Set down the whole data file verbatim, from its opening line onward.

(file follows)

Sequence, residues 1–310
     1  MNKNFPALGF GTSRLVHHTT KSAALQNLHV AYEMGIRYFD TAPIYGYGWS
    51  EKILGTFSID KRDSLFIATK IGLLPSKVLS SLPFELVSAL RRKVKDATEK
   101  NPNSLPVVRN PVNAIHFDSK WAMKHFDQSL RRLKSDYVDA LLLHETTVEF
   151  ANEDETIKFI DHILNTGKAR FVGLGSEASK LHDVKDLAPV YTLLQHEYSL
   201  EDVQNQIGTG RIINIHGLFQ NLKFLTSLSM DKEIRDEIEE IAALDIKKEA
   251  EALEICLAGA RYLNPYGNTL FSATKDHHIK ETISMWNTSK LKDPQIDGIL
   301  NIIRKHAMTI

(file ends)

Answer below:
Sequence, residues 1–310
     1  MNKNFPALGF GTSRLVHHTT KSAALQNLHV AYEMGIRYFD TAPIYGYGWS
    51  EKILGTFSID KRDSLFIATK IGLLPSKVLS SLPFELVSAL RRKVKDATEK
   101  NPNSLPVVRN PVNAIHFDSK WAMKHFDQSL RRLKSDYVDA LLLHETTVEF
   151  ANEDETIKFI DHILNTGKAR FVGLGSEASK LHDVKDLAPV YTLLQHEYSL
   201  EDVQNQIGTG RIINIHGLFQ NLKFLTSLSM DKEIRDEIEE IAALDIKKEA
   251  EALEICLAGA RYLNPYGNTL FSATKDHHIK ETISMWNTSK LKDPQIDGIL
   301  NIIRKHAMTI